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SPECIAL REPORT | Shear lies: Farmers slam 'misrepresentative' mohair exposé

28 May, 08:00 PM

Aletta Harrison and Jay Caboz, News24

As South Africa’s mohair industry reels in the wake of a disturbing video, supposedly showing widespread cruelty on angora goat farms, farmers have cast doubt on claims in the report.

About 700 commercial farmers are facing financial ruin after People for the Ethical Treatment of Animals (PETA) released the undercover footage.

But as international news agencies reported that major fashion retailers had committed to banning mohair garments in the fallout, few gave voice to farmers or attempted to verify the footage.

News24, in partnership with Business Insider South Africa, travelled to the Karoo to meet prominent angora goat farmer Gay van Hasselt.

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Angora goat farmer Gay van Hasselt. Picture: Jay Caboz

She is at the helm of a 30-year-old family business in Prince Albert, and describes angora farmers as "passionate" people, adding that the claims of widespread cruelty couldn't be further from the truth.

"We sleep, drink, eat thinking about our animals and how to have the best conditions we possibly can for them…"

She says she was "absolutely horrified" by the "misrepresentation" of the footage and photographs in the video.

But, she admitted, there was one element that was disturbing – the footage taken in the shearing shed, which she described as "completely unacceptable".

As two shearers eased an adult ewe onto her hindquarters, Van Hasselt explained poor handling and haphazard shearing were not in farmers’ economic interests. 

"We are very focused on making sure that the animal doesn’t get stressed. An angora goat is extremely susceptible to stress. In fact, if they’re stressed almost within a day, they’ll get a lung infection."

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Industry body Mohair South Africa has backed farmers, saying the video grossly misrepresents the industry. 

"The reports claim that 12 farms were visited, however from the footage, we have been able to identify two farms where shearing practices were drawn into question. 

"We have about 1 000 mohair producers, so the farms we have identified represent 0.2% of the total South African industry," said managing director Deon Saayman.

He dismissed some aspects in the PETA video, such as claims that goats had been "dumped" and "shoved" into a "poisonous" cleaning solution and that their "sensitive ears" had been "mutilated" with pliers. 

"Dipping and washing is standard practice for all livestock. Dipping prevents parasites and promotes animal health. It is done in accordance with international standards.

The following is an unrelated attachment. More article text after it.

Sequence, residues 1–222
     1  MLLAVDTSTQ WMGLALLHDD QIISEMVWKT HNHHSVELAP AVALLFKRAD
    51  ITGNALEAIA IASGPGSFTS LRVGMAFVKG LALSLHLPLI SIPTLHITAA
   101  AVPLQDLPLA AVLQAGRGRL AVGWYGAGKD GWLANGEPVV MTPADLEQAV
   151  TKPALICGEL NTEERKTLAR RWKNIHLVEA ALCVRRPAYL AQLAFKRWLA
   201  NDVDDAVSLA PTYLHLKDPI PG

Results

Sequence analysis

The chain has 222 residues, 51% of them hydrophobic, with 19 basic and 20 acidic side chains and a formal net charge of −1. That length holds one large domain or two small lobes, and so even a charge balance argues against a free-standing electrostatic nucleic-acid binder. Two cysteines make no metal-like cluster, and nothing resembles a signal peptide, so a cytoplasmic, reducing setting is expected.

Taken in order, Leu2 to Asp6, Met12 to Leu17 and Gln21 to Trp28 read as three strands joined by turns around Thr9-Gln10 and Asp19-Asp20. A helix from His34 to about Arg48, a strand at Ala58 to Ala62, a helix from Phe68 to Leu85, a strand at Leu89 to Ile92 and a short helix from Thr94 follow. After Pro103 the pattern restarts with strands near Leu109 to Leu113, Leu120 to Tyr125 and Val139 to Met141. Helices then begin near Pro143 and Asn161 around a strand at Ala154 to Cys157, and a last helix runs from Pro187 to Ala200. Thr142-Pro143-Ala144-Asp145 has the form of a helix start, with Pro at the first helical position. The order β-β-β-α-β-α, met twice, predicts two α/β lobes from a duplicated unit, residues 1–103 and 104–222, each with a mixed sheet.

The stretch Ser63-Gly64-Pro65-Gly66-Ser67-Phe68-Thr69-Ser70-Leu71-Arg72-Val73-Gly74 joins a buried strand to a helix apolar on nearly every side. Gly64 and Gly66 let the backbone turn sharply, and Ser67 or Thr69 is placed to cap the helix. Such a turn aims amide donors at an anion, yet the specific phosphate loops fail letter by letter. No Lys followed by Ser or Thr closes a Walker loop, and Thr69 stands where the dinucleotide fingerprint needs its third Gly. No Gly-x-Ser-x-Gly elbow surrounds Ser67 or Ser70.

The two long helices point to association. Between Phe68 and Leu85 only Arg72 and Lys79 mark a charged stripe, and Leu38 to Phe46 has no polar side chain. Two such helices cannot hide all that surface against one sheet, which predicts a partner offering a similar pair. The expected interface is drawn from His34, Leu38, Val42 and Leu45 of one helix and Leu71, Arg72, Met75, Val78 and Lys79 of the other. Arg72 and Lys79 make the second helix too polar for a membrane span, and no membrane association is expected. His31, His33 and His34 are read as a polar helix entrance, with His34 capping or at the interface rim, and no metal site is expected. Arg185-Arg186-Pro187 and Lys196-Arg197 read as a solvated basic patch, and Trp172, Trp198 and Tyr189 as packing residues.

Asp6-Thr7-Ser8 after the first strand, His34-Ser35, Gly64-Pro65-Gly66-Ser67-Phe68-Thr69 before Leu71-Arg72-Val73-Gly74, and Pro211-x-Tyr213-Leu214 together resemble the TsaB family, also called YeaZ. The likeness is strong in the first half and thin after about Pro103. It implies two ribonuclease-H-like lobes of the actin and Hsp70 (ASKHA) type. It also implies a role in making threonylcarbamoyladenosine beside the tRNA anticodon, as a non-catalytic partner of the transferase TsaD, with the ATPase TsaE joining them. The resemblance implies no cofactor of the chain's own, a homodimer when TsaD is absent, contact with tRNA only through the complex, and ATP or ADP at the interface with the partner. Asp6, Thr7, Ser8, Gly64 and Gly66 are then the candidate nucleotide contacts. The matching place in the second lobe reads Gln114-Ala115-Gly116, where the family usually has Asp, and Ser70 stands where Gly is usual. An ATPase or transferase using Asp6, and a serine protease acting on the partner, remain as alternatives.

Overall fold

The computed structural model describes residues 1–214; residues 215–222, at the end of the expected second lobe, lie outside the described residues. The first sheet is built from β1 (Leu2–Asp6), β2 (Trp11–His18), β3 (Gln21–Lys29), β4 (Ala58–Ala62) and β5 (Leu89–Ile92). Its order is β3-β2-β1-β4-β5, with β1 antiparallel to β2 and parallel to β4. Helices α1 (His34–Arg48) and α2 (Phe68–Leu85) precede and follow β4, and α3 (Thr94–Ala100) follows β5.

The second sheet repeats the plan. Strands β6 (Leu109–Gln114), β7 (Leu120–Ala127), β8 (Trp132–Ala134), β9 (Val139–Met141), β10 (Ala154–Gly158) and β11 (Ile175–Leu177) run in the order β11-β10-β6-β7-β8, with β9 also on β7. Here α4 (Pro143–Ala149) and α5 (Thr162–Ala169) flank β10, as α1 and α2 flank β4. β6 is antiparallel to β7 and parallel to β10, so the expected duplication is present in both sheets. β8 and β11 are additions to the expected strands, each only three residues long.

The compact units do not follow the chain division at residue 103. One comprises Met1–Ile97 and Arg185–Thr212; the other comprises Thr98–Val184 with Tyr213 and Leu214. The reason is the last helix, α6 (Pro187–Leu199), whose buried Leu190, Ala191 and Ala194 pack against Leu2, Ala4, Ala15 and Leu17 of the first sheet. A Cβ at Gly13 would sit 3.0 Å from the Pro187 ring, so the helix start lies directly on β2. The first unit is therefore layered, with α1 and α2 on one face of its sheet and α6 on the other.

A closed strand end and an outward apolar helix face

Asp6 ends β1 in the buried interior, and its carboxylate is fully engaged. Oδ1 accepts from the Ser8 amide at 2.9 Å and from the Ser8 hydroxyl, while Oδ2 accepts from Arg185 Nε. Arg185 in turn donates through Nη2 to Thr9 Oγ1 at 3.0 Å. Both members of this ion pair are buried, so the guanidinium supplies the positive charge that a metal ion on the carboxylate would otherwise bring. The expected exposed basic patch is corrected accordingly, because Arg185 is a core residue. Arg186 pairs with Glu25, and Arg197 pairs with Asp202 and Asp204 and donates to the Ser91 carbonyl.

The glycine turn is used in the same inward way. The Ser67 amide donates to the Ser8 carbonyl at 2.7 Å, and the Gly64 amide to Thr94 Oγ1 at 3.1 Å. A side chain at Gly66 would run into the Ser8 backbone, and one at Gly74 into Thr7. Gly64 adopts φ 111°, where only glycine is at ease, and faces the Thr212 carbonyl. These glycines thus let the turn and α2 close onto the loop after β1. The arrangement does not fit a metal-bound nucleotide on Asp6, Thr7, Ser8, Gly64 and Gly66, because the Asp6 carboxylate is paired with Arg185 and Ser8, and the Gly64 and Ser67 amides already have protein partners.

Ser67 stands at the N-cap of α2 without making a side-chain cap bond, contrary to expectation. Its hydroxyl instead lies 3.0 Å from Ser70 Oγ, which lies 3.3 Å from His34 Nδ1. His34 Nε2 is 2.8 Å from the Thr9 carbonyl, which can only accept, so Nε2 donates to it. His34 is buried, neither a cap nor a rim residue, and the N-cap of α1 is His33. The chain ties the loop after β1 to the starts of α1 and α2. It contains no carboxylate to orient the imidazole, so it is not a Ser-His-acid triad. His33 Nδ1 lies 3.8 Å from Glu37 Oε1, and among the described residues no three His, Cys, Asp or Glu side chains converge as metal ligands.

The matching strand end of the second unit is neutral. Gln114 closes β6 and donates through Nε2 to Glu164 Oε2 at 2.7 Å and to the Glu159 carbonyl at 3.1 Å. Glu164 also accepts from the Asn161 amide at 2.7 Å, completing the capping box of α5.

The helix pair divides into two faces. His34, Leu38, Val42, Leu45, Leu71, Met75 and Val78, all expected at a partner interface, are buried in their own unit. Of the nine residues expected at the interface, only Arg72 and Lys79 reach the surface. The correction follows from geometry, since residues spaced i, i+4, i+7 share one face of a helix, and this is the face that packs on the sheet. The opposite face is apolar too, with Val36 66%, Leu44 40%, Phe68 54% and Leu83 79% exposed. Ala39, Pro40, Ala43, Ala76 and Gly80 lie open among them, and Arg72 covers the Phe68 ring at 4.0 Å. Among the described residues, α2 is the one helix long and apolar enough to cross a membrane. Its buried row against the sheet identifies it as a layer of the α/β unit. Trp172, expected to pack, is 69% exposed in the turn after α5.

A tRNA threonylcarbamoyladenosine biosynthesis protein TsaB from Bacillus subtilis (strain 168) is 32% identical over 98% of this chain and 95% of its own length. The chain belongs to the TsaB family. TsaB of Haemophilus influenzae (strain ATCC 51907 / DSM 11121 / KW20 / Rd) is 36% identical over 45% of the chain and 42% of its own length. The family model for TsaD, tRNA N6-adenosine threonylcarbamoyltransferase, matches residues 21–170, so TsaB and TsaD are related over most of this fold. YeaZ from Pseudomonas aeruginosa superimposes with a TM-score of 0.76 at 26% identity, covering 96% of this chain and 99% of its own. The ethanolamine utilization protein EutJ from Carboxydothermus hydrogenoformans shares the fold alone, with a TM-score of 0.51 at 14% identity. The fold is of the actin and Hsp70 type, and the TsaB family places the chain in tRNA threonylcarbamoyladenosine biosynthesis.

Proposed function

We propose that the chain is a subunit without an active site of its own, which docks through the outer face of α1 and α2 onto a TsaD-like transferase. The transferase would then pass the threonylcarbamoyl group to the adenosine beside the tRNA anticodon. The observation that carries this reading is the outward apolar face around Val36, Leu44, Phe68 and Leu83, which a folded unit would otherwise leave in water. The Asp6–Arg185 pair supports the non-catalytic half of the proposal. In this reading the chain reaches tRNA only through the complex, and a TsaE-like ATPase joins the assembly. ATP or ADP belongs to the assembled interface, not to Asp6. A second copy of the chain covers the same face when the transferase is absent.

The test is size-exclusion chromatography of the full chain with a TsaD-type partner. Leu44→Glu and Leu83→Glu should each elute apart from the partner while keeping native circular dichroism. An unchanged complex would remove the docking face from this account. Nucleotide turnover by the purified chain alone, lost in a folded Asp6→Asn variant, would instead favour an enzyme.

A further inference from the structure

"The health, safety and well-being of the animal is of utmost importance to all farmers, as this is the source of their income. It is accordingly absurd to suggest that farmers would dip the animals in poisonous substances.

"Piercings are government regulation and required by law. It assists in the prevention of theft as animals can be easily identified."

He also dismissed the notion that 40 000 goats had died the previous year – supposedly because they were shorn before a spell of cold weather.

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Mohair SA has described the video as "a cunning exercise to achieve the aims of PETA, rather than being the representation result of any proper investigation".

But PETA has stood by the video, claiming that abuse is not confined to one or two farms, but rampant throughout the entire industry.

"We've seen this in the sheep shearing sheds in Australia, in North America - this is the standard way in which animals are mistreated for the fashion industry," said Yvonne Taylor, a PETA campaigner.

She added that consumers should move away from "cruel" animal fibres and switch to vegan fabrics.

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Mohair is sorted after shearing. Picture: Jay Caboz

Mohair SA says, although it is still too early to speculate about the impact of the boycott, it could have "severe consequences" for the industry and the South African economy if retailers make good on their pledges not to purchase mohair.

It adds that, should a farm close down as a result of a boycott, it would be a "death sentence" for those goats.

PETA says the video that was posted online contains only a fraction of the footage available, and that everything has been handed over to the authorities.

The NSPCA has confirmed that it has begun an investigation, and added that it would meet with Mohair SA this week to exchange information and hold farmers to account.

Read more about the implications for SA business here.

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